• The Pedestrian Center — If you plan on shopping, or are looking for cultural activities, Bordeaux has a lot to offer - and it starts right here.
  • Gambetta Square — The rich districts of Bordeaux start north - this part of the town is nicknamed "Little Paris".
  • Quinconces Square — Be sure to check out the fountain monument to the Girondins, a group of moderate, bourgeois National Assembly deputies during the French Revolution..
  • Meriadeck — The administrative center of Bordeaux, with one of the biggest libraries in France.
  • Do not miss the Victory Arch (Roman architecture), at the center of La Victoire and a great example of the town's Roman roots.
  • Relax and take a picnic in the lush Public Gardens, north of Gambetta square.
  • The Girondins memorial on the Quinconces square is a fitting tribute to the Girondin députés that were guillotined by the Robespierre.
  • Notable churches are the Cathédrale St-André (mostly 13-14th C, with detached bell-tower); Basilique Saint-Michel (also with detached tower); and the church of St Croix (currently closed for restoration).


  • 1 Musée D'Art Contemporain (CAPC), 7, rue Ferrère (just north of Quinconces, off Quai des Chartrons), +33 5 56 00 81 50, e-mail: . Tuesday to Sunday 11AM-6PM (to 8PM Wednesday), closed Monday. Remarkable building, the Entrepôt Lainé is a huge 19th warehouse for food imports. Most of the space is given over to changing exhibitions / installations (and the concession price applies whenever there isn't one). Display of the permanent collection also rotates: the current arrangement, called [sic], stands until end of October 2019. Small rooftop cafe. €7, concessions €4, free on the first Sunday of the month.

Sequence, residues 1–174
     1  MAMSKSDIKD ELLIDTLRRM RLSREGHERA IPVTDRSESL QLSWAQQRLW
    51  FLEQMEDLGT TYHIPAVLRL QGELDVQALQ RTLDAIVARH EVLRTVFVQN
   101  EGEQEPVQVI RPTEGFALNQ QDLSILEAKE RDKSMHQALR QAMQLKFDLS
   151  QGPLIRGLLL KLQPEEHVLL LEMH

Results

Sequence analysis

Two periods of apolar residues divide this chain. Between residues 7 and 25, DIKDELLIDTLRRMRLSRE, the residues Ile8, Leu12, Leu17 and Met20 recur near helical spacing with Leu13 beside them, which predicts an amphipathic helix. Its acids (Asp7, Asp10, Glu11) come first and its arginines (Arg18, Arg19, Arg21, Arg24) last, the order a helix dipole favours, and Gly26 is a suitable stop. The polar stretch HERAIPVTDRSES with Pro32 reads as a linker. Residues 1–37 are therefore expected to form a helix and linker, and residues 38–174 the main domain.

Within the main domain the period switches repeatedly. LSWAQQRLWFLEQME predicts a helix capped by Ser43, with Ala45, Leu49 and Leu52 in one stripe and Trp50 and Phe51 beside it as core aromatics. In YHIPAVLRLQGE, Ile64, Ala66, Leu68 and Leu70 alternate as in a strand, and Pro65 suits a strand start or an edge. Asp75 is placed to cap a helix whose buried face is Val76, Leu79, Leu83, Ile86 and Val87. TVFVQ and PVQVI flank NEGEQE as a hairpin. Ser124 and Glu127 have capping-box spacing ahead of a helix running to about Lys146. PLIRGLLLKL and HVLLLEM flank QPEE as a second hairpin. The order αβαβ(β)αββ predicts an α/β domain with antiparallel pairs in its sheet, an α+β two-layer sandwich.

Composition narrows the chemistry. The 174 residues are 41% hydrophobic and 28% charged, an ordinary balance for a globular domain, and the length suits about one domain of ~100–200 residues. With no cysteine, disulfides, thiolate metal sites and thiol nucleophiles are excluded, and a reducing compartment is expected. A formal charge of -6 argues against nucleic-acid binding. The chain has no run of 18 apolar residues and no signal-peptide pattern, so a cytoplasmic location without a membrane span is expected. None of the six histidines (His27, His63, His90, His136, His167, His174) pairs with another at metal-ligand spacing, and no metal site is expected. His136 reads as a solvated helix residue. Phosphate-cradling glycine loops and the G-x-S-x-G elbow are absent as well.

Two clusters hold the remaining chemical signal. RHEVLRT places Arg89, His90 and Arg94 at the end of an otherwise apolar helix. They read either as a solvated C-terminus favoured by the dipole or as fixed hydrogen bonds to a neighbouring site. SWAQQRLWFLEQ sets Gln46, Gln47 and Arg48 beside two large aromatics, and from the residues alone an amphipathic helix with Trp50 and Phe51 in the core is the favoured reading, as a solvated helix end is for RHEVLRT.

• 2 Musée D'Aquitaine, 20 Cours Pasteur, +33 5 56 01 51 00. 11AM-6PM Tue-Sun. Stunning museum that exhibits Gallo-Roman statues and relics dating back 25,000 years. 5€, concessions 3€.
  • 3 Musée du Vin et du Négoce, Cellier des Chartrons 41 Rue Borie, +33 5 56 90 19 13, e-mail: . Daily 1000-1800. History, old equipment & new technology from 2000 years of wine production in the region. The entry fee includes a taste of two wines. 10€, concessions 5€.
  • Musée des Beaux-Arts (Museum of Fine Arts), 20 cours d'Albret (west side of Hotel de Ville, but you need to enter from c. d'Albret), +33 5 56 10 20 56. Wed-Mon 11AM - 6PM; closed Tues. An enlightening walk through the history of western art. In two wings behind the Hotel de Ville. Start in the south wing which runs from the Renaissance via the Flemish masters to end of 18th C. The north wing continues through the major 19th & early 20th C art movements. Look out also for exhibitions in the annexe, Galerie des Beaux-Arts, on Place du Colonel Raynal. Collection €4, concessions €2; with exhibitions €6.50 / €3.50.